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Have you ever noticed that your dog has bad breath? Some pet owners have noticed and complain that their dog’s breath smells like fish. A fish odor can occur for several reasons, which we will review in detail below.
The medical term for bad breath is “halitosis.” Bad breath can be caused by a dog’s diet, ingestion of different foods or trash, mouth or dental disease, disease of the upper respiratory tract, infections, or other metabolic problems, such as diabetes.
What Causes Fishy-Smelling Breath in Dogs?
There are dozens of causes of canine bad breath, since it is merely a symptom of a larger issue. For example, breath that smells like fish may be caused by something your dog ate, an ulcer in the mouth, or from a tooth infection. Some of the possible causes of fishy smelling breath are minor and others are more serious and require treatment.
Causes of Bad Breath in Dogs include:
- Dietary indiscretion. A common cause for bad breath in dogs is eating something malodorous, such as a dead animal, garbage, animal feces, compost, litter-box waste, or spoiled food. These can all cause breath that smells like fish.
- Gum disease. Gingivitis is an inflammation of the gum tissue, which is commonly caused by dental plaque. This results in swelling and redness of the gums as well as bad breath. Plaque develops when the normal bacteria in the mouth mix with proteins and starches found in saliva. This mix produces plaque material that adheres to the teeth. Eventually, plaque turns into tartar, which firmly adheres to the teeth. It is most obvious just below the gum line where it accumulates.
- Tooth root abscess. An abscessed tooth can cause bad breath.. Some tooth root abscesses are contained within the mouth and others will abscess up through the skin. It is common for a dog to present to the veterinarian for a swelling and a draining wound on the cheek just below the eye. Inspection of the wound or a sedated oral examination can reveal an abscessed tooth. Treatment includes tooth extraction (removal) or a root canal. Once the tooth is treated, your veterinarian will likely prescribe antibiotics and pain medication depending on the severity of the infection.
- Oral ulceration. Ulcers in the mouth can result from infection, reactions to certain drugs, or from ingesting or licking caustic substances. Caustic substances can include cleaning chemicals, soap and detergents, or liquid potpourri.
- Many cleaning chemicals such as bleach or lye can cause oral ulcerations.
- Laundry and dishwasher pods are colorful, soft and can look like a dog toy. Dogs can chew on or ingest these laundry or dishwasher detergent pods, which can cause severe oral ulcerations. To learn more – go to Laundry or dishwasher detergent pod toxicity in dogs.
- Liquid potpourri is a common household item. Potpourri is scented and can be appealing to some dogs. Potpourri ingredients can include essential oils and cationic detergents that cause severe ulcerations of the mouth, gum tissues, and/or esophagus.
- Oral infections. Oral tissue can be traumatized and infected by burns or from trauma resulting from chewing on bones, sticks, or other sharp objects. Another cause of oral tissue trauma is from bite wounds from fights with other animals.
- Foreign material. Bone, sticks, or hair can become caught in the mouth causing a foul odor. This is a common reason for fishy-smelling breath.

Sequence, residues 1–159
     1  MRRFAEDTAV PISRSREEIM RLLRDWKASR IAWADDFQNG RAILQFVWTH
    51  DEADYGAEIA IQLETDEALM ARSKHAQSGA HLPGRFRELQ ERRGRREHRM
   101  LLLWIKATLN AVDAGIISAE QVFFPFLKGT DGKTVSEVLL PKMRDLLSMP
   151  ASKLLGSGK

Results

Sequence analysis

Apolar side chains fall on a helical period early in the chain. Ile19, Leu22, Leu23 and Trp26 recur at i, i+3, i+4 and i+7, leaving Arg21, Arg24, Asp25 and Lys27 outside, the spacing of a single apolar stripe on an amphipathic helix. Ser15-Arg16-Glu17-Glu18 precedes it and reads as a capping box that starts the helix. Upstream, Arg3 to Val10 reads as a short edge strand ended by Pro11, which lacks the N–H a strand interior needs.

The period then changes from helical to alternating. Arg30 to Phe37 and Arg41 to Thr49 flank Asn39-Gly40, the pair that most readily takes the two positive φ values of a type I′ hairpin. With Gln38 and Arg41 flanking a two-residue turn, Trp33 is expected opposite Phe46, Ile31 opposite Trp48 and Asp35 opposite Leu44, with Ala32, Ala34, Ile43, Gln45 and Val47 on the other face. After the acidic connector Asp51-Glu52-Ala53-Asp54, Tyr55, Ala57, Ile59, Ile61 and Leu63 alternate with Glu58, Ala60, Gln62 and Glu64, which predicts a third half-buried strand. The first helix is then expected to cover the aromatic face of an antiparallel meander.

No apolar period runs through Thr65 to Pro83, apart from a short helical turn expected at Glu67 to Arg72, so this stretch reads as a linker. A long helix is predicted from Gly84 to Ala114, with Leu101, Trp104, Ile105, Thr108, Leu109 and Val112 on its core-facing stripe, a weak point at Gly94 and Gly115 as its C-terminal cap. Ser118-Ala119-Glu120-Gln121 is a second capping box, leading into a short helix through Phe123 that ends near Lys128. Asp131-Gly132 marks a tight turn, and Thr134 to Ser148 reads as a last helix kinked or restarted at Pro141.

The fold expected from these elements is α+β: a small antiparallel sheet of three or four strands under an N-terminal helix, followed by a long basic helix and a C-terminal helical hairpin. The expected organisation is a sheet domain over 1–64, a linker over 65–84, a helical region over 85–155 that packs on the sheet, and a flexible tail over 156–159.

- Oral tumors. Tumors in the mouth can become infected or parts of the tumor can begin to die (necrose), which can lead to a foul odor.
- Digestive problems. Some dogs with stomach or digestive problems including gastroesophageal reflux, stomach ulcers, and hemorrhagic gastroenteritis can have bad breath. Vomiting can also result in foul smelling breath.
Other Causes of Bad Breath in Dogs
- Lung cancer. Cancer of the throat, mouth, lungs, and nose can cause foul breath.
- Respiratory infections. Various infections of the respiratory tract can cause foul smelling breath. It can be especially noticeable during exhalation or coughing.
- Kidney disease. A decline in kidney function can cause some dog’s breath to have the odor of ammonia.
- Diabetes. Another disease that can cause an abnormal oral odor is diabetes. A severe form of uncontrolled diabetes, diabetic ketoacidosis, can cause an abnormal sweet, fruity odor.
- Liver disease. Liver dysfunction can result in a sweet, musty breath, which is caused by dimethyl sulfide accumulation.
How to Make Fishy Breath Go Away
The best way to make bad breath go away is to identify and treat the underlying problem that is causing the bad breath. Often, you can identify the cause of your dog’s bad breath by noting the following:
- Has your dog eaten anything abnormal, such as compost? A dead animal carcass? Gotten into the litter box? Trash?
- Does your dog have signs of dental disease? Look in your dog’s mouth, if you can do so safely. If you carefully lift up your dog’s lip, you can sometimes see red inflamed gums and tartar build-up on the teeth. Many times, the worst teeth and odor problems occur in the back of the mouth. If possible, look at the top teeth in the very back of the mouth for signs of redness, inflammation, and tartar build-up. In addition to bad breath, tartar build-up, redness, and/or swollen gums are all signs of problems.
- Is your dog showing any signs of respiratory symptoms, such as coughing or trouble breathing? Sneezing? Bloody nose?
- Is your dog showing any signs of diabetes, such as drinking more or urinating more?
- Is your dog vomiting? Not eating? Losing weight?
If you notice any abnormalities in your dog, please see your veterinarian. An abscessed tooth can be very painful. If you don’t notice any problems, but are still worried about your dog’s bad breath, make an appointment and allow your veterinarian to examine your dog and evaluate for possible underlying problems.